Ray Jayawardhana, the Harold Tanner Dean of the College of Arts and Sciences (A&S), and the Hans Bethe Professor and professor of astronomy, has been named provost of Johns Hopkins University in Baltimore. Jayawardhana’s five-year appointment begins Oct. 15.
Rachel Bean, the Jacob Gould Schurman Professor in the Department of Astronomy, and senior associate dean for math and science, has been named interim A&S dean, effective July 13, while the university conducts a national search for Jayawardhana’s successor. Jayawardhana will remain at Cornell and help with the leadership transition until his departure.
“Dean Jayawardhana has led the university’s most academically diverse college with skill and grace, all while maintaining a high-quality research program of his own,” Provost Michael I. Kotlikoff said. “The College of Arts and Sciences has flourished over the past five years, and Ray leaves with A&S on a strong upward trajectory. We are truly grateful for his leadership and friendship; we’ll miss him but know he will do great things at Hopkins.”
Jayawardhana called it “an honor” to lead A&S for the past five years.
“It’s been a joy to be part of this vibrant community,” he said. “Together, we have built upon a phenomenal legacy of exploration and engagement in a whole host of ways, and positioned the college as a nexus of discovery and impact.
“I’m thankful to the terrific colleagues, students, alumni and others with whom I’ve been privileged to partner,” he said. “I will continue to cheer for Cornell from afar.”
Previously dean of the Faculty of Science and professor of physics and astronomy at York University in Toronto, Jayawardhana came to Cornell as the 22nd A&S dean on Sept. 1, 2018, succeeding Gretchen Ritter ’83, the college’s first female dean.
During his tenure, Jayawardhana has led the recruitment of 131 new tenure-stream faculty members and appointments to 66 endowed professorships. The college has set consecutive fundraising records, with a tally exceeding $95.6 million for fiscal year 2023, and has reached $350 million of its $400 million campaign goal in support of these priorities.
Major initiatives launched under Jayawardhana’s leadership include:
- the Klarman Fellowships, a postdoctoral program for exceptional emerging researchers, renewed and expanded recently;
- the New Frontier Grants for novel research projects with potential for transformative advances;
- the Nexus Scholars program, to expand opportunities for undergraduate research with faculty;
- the Humanities Scholars Program, a curated and mentored pathway through humanistic inquiry for select students;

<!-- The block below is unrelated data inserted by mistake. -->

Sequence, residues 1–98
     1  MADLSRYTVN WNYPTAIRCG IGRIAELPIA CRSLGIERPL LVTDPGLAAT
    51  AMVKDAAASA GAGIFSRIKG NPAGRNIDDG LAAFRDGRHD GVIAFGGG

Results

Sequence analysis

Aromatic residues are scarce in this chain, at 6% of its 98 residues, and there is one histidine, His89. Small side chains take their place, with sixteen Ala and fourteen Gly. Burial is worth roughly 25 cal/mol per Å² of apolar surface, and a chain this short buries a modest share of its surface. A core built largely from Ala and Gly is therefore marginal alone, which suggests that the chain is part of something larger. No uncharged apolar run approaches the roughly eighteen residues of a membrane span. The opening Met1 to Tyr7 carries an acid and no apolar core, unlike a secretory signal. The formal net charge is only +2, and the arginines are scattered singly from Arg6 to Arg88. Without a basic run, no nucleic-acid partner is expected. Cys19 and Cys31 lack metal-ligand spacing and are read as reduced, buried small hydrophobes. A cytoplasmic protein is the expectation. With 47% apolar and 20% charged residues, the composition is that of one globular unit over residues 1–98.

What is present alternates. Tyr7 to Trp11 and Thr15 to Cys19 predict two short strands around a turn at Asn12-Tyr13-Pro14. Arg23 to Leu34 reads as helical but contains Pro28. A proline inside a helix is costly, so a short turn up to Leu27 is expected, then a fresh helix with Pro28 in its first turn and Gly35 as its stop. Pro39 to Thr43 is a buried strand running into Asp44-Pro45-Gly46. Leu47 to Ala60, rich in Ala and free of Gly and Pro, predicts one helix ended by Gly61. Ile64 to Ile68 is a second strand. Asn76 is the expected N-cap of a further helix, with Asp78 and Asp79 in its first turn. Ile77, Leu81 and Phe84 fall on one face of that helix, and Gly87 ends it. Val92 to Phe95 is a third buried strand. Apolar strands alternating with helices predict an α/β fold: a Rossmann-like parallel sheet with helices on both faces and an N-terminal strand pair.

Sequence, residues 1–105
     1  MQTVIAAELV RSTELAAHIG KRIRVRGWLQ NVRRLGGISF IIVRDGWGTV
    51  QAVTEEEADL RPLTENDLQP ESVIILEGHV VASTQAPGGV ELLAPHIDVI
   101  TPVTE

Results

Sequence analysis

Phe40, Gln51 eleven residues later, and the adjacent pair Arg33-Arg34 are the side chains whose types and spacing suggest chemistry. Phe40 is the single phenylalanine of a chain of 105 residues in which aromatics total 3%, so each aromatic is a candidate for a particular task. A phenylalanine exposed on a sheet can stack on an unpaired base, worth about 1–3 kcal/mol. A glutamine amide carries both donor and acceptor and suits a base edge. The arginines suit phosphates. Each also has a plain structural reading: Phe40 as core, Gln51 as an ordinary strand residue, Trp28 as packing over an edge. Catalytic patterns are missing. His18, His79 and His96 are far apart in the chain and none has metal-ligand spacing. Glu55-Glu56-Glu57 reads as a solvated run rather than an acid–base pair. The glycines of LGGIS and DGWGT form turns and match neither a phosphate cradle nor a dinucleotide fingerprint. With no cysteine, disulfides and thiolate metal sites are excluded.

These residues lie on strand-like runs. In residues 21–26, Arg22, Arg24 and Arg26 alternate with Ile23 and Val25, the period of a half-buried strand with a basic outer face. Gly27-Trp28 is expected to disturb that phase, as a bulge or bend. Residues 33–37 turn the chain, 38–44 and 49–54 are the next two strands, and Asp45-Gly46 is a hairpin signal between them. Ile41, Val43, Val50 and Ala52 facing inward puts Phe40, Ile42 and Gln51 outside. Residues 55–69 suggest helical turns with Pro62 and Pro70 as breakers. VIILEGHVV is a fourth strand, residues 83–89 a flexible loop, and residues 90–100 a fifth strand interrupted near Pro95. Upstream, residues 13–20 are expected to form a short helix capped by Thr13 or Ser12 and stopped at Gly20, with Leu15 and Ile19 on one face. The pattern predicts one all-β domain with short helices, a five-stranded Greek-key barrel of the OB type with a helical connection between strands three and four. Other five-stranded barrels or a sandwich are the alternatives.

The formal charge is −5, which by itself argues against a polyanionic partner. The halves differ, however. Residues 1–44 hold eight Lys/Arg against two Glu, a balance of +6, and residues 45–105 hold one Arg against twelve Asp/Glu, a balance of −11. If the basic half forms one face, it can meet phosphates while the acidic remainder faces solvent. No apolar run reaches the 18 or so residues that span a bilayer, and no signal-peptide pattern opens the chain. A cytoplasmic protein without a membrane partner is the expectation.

- the Distinguished Visiting Journalist program, to recognize excellence in journalism while fostering meaningful engagement between the media and the academy;
- the Arts Unplugged series of marquee events that bring the campus community and the public together around themes of broad interest; and
- the $110 million renewal of the iconic McGraw Hall, the third-oldest building on campus and home to the departments of history and anthropology.
Jayawardhana played a pivotal role in establishing the Cornell Brooks School of Public Policy and the multi-college departments of sociology and psychology, and expanding the Department of Economics. He also partnered with deans and faculty to formulate and lead three signature initiatives – on climate, artificial intelligence and quantum research.
As a researcher, Jayawardhana studies the diversity, origins and evolution of planetary systems, and the formation and evolution of stars. In particular, his group uses the largest telescopes on the ground and in space to do remote-sensing of exoplanets as a way to explore prospects for life in the universe.
He is a core science team member for the Near Infrared Imager and Slitless Spectrograph (NIRISS) instrument on the James Webb Space Telescope; his group leads a Gemini Observatory large program on high-resolution spectroscopy of exoplanet atmospheres.
“On a deeply personal level,” he said, “it’s gratifying and humbling to have served on the faculty at Carl Sagan’s academic home, and to have held the Hans A. Bethe Professorship.”
A native of Sri Lanka, Jayawardhana received his bachelor’s in astronomy and physics from Yale University, and his Ph.D. in astronomy from Harvard University.